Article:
Thursday, 2 July 2015

The hot weather has brought out large numbers of dragonflies, and they were flying round the edge of the Serpentine hunting the multitude of little insects over the water. Here is a close-up of the wonderful wing mechanism of a Black-Tailed Skimmer, with two hinges for each of the four wings so that they can be tilted as well as flexed.

A couple of Feral Pigeons were cooling themselves in the lake.

The young Egyptian Goose that was adopted is growing into a fine blonde bird. I am guessing that it's a female because all the blonde Egyptians on the lake whose sex I know are female, but I may well be wrong.

One of the reasons why Egyptians have done so well here is that even before they are able to fly they have long, strong legs and can often sprint out of danger, an option not available to ordinary geese. The other is that they nest in safe holes in trees, while ordinary geese mostly nest dangerously on the ground -- they will use a tree if the access is easy enough for them, but it has to be very easy for these big clumsy birds with webbed feet that can't grip branches.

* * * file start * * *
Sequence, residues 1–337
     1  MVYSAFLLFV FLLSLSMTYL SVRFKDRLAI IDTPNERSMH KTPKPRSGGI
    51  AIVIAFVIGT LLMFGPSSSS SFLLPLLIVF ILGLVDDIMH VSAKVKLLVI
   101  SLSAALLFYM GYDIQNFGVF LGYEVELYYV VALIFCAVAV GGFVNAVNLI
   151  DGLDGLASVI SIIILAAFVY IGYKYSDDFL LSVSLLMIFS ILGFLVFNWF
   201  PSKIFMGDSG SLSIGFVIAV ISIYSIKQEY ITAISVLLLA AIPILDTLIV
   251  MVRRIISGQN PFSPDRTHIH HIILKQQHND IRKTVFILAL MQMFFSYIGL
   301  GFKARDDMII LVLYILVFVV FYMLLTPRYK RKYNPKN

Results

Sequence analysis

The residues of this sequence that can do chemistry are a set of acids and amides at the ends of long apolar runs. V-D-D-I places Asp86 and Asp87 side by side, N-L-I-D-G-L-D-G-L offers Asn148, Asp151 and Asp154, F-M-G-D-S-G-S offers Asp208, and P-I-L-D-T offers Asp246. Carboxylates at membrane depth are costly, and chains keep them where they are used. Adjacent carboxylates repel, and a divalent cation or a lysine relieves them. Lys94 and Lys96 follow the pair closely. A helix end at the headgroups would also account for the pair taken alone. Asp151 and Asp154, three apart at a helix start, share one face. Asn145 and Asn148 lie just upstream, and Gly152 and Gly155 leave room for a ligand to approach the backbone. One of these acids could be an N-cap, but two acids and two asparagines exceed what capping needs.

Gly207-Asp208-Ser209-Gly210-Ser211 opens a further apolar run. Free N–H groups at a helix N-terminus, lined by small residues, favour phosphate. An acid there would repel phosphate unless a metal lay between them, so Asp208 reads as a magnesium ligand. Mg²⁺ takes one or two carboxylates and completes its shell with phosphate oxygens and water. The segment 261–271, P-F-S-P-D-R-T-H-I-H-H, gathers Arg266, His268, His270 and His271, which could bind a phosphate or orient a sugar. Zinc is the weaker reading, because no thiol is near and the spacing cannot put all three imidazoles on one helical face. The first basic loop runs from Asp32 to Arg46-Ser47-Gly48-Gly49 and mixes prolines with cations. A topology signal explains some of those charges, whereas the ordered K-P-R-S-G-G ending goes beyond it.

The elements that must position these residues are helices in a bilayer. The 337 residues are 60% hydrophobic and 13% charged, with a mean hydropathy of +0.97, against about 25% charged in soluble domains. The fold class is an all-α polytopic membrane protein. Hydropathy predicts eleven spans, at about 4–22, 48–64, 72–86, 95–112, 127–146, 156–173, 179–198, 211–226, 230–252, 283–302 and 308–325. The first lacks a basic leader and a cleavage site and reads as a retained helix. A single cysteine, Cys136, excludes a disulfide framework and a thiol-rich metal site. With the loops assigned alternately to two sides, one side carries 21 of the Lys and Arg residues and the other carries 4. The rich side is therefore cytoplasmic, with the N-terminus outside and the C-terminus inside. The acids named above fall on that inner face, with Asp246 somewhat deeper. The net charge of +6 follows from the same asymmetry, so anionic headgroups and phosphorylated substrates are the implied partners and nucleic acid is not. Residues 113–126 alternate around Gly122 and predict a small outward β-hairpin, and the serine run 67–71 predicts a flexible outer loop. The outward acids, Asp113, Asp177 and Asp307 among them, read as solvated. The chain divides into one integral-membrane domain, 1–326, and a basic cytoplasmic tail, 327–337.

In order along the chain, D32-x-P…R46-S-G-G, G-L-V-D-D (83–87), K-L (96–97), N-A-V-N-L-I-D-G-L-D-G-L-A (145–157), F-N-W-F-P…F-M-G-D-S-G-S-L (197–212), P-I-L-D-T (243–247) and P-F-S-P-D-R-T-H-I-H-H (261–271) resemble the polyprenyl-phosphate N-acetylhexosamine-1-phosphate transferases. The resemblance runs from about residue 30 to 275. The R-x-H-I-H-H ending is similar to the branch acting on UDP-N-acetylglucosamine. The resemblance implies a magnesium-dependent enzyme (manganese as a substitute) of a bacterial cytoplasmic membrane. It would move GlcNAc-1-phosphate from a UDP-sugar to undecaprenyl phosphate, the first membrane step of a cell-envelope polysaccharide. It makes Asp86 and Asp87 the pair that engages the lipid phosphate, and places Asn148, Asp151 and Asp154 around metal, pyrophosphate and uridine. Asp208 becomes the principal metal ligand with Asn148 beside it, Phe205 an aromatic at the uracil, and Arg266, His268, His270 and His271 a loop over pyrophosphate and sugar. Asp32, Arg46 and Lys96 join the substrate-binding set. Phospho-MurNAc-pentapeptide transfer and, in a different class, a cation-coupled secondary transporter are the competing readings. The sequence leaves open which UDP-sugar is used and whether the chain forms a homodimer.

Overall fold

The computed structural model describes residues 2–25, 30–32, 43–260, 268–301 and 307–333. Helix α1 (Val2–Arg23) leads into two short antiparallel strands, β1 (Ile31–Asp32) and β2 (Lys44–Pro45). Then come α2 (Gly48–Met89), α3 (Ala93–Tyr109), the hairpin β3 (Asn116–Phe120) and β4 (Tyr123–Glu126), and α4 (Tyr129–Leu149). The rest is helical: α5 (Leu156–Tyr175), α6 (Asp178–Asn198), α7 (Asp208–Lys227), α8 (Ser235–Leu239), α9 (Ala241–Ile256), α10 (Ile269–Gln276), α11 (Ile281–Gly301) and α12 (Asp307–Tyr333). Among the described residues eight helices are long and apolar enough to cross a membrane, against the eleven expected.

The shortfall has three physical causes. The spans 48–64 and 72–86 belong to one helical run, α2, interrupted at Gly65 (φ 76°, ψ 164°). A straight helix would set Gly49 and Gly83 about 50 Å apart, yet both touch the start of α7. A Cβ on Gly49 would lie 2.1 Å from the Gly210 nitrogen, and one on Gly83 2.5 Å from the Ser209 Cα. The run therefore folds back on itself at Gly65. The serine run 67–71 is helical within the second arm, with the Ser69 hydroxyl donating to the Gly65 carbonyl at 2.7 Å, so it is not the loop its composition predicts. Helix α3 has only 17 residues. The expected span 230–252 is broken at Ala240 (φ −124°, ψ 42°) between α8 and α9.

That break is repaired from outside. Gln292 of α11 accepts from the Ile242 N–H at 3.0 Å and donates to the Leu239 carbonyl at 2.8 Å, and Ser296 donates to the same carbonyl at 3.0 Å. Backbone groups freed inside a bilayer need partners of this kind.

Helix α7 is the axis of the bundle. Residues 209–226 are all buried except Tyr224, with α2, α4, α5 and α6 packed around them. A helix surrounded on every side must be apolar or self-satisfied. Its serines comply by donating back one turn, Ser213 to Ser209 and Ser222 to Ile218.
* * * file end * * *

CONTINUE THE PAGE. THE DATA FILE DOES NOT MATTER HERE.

More Black-Headed Gulls had arrived on the Serpentine, ready to spend the winter here.

The Ring-Necked Parakeets have started eating unripe berries, which can't be very palatable.

They were also eating unripe crabapples, but were picking out the pips and discarding the pulp.

The Grey Heron under the marble fountain at the Italian Garden is still hoovering up little fish.

The Canada Goose family on the Long Water saw someone at Peter Pan with a bag of food, and hastened over.

The enormous Coot nest next to the Vista is still getting larger. The birds simply can't stop adding to it. It is going to be a bit of a climb for the chicks when they hatch.

The Coot on the nest at the Serpentine outflow was carefully rearranging her eggs.


  1. The heron looks like it's got angel wings

    1. It's a loose feather that hasn't fallen out yet. It's been like thar for several days. Don't worry, this bird is OK and can fly normally.

  2. I wonder if that young Egyptian actually made the observation that while it was fast losing brothers and sisters, the neighbouring brood was holding out well, and so decided to jump ship? Jim n.L.

    1. It was found wandering around by itself near the Italian Garden, by a couple of girls who didn't know what to do. So they took it to the first Egyptian family they found, on the other side of the bridge. This is not correct behaviour, of course, but it worked and probably saved the little bird's life.